Project description:Demyelinated lesions of the central nervous system are characteristic for multiple sclerosis (MS). Remyelination is not very effective, particular at later stages of the disease, which results in a chronic neurodegenerative character with worsening of symptoms. Previously, we have shown that the enzyme Tissue Transglutaminase (TG2) is downregulated upon differentiation of oligodendrocyte progenitor cells (OPCs) into myelin-forming oligodendrocytes and that TG2 knock-out mice lag behind in remyelination after cuprizone-induced demyelination. Here, we examined whether astrocytic or oligodendroglial TG2 affects OPCs in a cell-specific manner to modulate their differentiation, and therefore myelination. Our findings indicate that human TG2-expressing astrocytes did not modulate OPC differentiation and myelination. In contrast, persistent TG2 expression upon OPC maturation or exogenously added recombinant TG2 accelerated OPC differentiation and myelin membrane formation. Continuous exposure of recombinant TG2 to OPCs at different consecutive developmental stages, however, decreased OPC differentiation and myelin membrane formation, while it enhanced myelination in dorsal root ganglion neuron-OPC co-cultures. In MS lesions, TG2 is absent in OPCs, while human OPCs show TG2 immunoreactivity during brain development. Exposure to the MS-relevant pro-inflammatory cytokine IFN-? increased TG2 expression in OPCs and prolonged expression of endogenous TG2 upon differentiation. However, despite the increased TG2 levels, OPC maturation was not accelerated, indicating that TG2-mediated OPC differentiation may be counteracted by other pathways. Together, our data show that TG2, either endogenously expressed, or exogenously supplied to OPCs, accelerates early OPC differentiation. A better understanding of the role of TG2 in the OPC differentiation process during MS is of therapeutic interest to overcome remyelination failure.
Project description:Oligodendrocyte precursor cells (OPCs) are abundant in the adult central nervous system, and have the capacity to regenerate oligodendrocytes and myelin. However, in inflammatory diseases such as multiple sclerosis (MS) remyelination is often incomplete. To investigate how neuroinflammation influences OPCs, we perform in vivo fate-tracing in an inflammatory demyelinating mouse model. Here we report that OPC differentiation is inhibited by both effector T cells and IFN? overexpression by astrocytes. IFN? also reduces the absolute number of OPCs and alters remaining OPCs by inducing the immunoproteasome and MHC class I. In vitro, OPCs exposed to IFN? cross-present antigen to cytotoxic CD8 T cells, resulting in OPC death. In human demyelinated MS brain lesions, but not normal appearing white matter, oligodendroglia exhibit enhanced expression of the immunoproteasome subunit PSMB8. Therefore, OPCs may be co-opted by the immune system in MS to perpetuate the autoimmune response, suggesting that inhibiting immune activation of OPCs may facilitate remyelination.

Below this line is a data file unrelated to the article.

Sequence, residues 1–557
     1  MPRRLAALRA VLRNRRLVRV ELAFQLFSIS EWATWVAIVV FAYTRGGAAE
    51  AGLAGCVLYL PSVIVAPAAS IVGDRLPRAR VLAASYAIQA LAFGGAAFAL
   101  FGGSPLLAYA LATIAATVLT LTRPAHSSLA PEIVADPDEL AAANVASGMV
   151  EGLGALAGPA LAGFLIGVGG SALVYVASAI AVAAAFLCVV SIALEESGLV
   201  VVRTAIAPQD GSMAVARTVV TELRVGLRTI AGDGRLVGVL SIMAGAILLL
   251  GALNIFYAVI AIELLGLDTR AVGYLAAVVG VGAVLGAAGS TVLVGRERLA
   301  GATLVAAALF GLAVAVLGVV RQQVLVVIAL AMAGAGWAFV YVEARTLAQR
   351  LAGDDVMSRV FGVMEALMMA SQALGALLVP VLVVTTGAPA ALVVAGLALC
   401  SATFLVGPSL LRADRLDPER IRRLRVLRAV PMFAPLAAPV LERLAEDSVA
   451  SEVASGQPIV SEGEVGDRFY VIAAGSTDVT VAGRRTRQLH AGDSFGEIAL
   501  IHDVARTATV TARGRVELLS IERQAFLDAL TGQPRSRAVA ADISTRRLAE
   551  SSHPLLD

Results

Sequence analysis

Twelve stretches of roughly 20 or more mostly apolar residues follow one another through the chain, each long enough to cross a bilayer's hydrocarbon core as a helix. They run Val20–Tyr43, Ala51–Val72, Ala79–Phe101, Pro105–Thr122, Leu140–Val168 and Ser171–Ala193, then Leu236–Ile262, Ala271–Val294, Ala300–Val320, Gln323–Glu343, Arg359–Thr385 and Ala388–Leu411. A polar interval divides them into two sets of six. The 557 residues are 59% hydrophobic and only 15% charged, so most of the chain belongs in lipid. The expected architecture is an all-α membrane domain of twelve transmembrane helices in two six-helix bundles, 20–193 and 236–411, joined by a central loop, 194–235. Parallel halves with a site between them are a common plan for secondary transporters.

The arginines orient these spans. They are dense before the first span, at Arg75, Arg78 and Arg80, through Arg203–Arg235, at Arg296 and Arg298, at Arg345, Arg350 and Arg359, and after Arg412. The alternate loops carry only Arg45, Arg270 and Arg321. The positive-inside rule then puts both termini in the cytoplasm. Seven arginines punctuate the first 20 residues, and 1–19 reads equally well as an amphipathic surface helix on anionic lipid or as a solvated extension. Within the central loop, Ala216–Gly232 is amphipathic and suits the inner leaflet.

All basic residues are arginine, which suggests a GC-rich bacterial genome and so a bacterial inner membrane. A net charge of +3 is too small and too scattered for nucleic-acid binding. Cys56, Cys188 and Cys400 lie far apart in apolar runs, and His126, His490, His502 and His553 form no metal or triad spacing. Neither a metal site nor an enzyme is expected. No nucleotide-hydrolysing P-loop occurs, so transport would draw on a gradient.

Project description:Oligodendrocyte precursor cells (OPCs) are a major source of remyelinating oligodendrocytes in demyelinating diseases such as Multiple Sclerosis (MS). While OPCs are innervated by unmyelinated axons in the normal brain, the fate of such synaptic contacts after demyelination is still unclear. By combining electrophysiology and immunostainings in different transgenic mice expressing fluorescent reporters, we studied the synaptic innervation of OPCs in the model of lysolecithin (LPC)-induced demyelination of corpus callosum. Synaptic innervation of reactivated OPCs in the lesion was revealed by the presence of AMPA receptor-mediated synaptic currents, VGluT1+ axon-OPC contacts in 3D confocal reconstructions and synaptic junctions observed by electron microscopy. Moreover, 3D confocal reconstructions of VGluT1 and NG2 immunolabeling showed the existence of glutamatergic axon-OPC contacts in post-mortem MS lesions. Interestingly, patch-clamp recordings in LPC-induced lesions demonstrated a drastic decrease in spontaneous synaptic activity of OPCs early after demyelination that was not caused by an impaired conduction of compound action potentials. A reduction in synaptic connectivity was confirmed by the lack of VGluT1+ axon-OPC contacts in virtually all rapidly proliferating OPCs stained with EdU (50-ethynyl-20-deoxyuridine). At the end of the massive proliferation phase in lesions, the proportion of innervated OPCs rapidly recovers, although the frequency of spontaneous synaptic currents did not reach control levels. In conclusion, our results demonstrate that newly-generated OPCs do not receive synaptic inputs during their active proliferation after demyelination, but gain synapses during the remyelination process. Hence, glutamatergic synaptic inputs may contribute to inhibit OPC proliferation and might have a physiopathological relevance in demyelinating disorders.
Project description:Remyelination requires the generation of new oligodendrocytes (OLs), which are derived from oligodendrocyte progenitor cells (OPCs). Maturation of OPCs into OLs is a multi-step process. Here, we describe a microRNA expressed by OLs, miR-27a, as a regulator of OL development and survival. Increased levels of miR-27a were found in OPCs associated with multiple sclerosis (MS) lesions and in animal models of demyelination. Increased levels of miR-27a led to inhibition of OPC proliferation by cell-cycle arrest, as well as impaired differentiation of human OPCs (hOPCs) and myelination by dysregulating the Wnt-?-catenin signaling pathway. In vivo administration of miR-27a led to suppression of myelinogenic signals, leading to loss of endogenous myelination and remyelination. Our findings provide evidence supporting a critical role for a steady-state level of OL-specific miR-27a in supporting multiple steps in the complex process of OPC maturation and remyelination.